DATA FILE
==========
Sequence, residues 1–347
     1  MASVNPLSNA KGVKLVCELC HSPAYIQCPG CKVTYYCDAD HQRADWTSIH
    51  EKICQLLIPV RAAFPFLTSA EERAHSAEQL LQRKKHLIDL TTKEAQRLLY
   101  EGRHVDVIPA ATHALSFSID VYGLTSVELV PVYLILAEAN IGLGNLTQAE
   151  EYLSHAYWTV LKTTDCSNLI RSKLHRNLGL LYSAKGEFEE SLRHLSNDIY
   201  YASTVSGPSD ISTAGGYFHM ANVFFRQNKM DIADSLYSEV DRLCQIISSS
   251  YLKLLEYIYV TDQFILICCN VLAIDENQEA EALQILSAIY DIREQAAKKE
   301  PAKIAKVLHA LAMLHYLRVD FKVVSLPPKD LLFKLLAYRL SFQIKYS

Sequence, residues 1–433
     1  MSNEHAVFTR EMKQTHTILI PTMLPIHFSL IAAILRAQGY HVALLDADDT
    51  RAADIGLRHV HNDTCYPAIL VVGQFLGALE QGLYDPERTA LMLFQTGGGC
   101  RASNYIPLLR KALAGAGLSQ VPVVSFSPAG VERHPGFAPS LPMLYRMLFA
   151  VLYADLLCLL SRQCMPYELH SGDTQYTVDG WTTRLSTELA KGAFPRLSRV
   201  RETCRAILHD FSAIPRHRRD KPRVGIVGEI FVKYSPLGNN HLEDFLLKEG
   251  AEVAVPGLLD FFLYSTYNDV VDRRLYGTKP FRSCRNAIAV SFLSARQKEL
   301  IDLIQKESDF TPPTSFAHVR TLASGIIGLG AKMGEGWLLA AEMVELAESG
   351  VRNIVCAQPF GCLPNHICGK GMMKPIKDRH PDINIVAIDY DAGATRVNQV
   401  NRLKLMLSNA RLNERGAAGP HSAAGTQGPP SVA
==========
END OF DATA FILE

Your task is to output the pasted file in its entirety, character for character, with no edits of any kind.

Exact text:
Sequence, residues 1–347
     1  MASVNPLSNA KGVKLVCELC HSPAYIQCPG CKVTYYCDAD HQRADWTSIH
    51  EKICQLLIPV RAAFPFLTSA EERAHSAEQL LQRKKHLIDL TTKEAQRLLY
   101  EGRHVDVIPA ATHALSFSID VYGLTSVELV PVYLILAEAN IGLGNLTQAE
   151  EYLSHAYWTV LKTTDCSNLI RSKLHRNLGL LYSAKGEFEE SLRHLSNDIY
   201  YASTVSGPSD ISTAGGYFHM ANVFFRQNKM DIADSLYSEV DRLCQIISSS
   251  YLKLLEYIYV TDQFILICCN VLAIDENQEA EALQILSAIY DIREQAAKKE
   301  PAKIAKVLHA LAMLHYLRVD FKVVSLPPKD LLFKLLAYRL SFQIKYS

Sequence, residues 1–433
     1  MSNEHAVFTR EMKQTHTILI PTMLPIHFSL IAAILRAQGY HVALLDADDT
    51  RAADIGLRHV HNDTCYPAIL VVGQFLGALE QGLYDPERTA LMLFQTGGGC
   101  RASNYIPLLR KALAGAGLSQ VPVVSFSPAG VERHPGFAPS LPMLYRMLFA
   151  VLYADLLCLL SRQCMPYELH SGDTQYTVDG WTTRLSTELA KGAFPRLSRV
   201  RETCRAILHD FSAIPRHRRD KPRVGIVGEI FVKYSPLGNN HLEDFLLKEG
   251  AEVAVPGLLD FFLYSTYNDV VDRRLYGTKP FRSCRNAIAV SFLSARQKEL
   301  IDLIQKESDF TPPTSFAHVR TLASGIIGLG AKMGEGWLLA AEMVELAESG
   351  VRNIVCAQPF GCLPNHICGK GMMKPIKDRH PDINIVAIDY DAGATRVNQV
   401  NRLKLMLSNA RLNERGAAGP HSAAGTQGPP SVA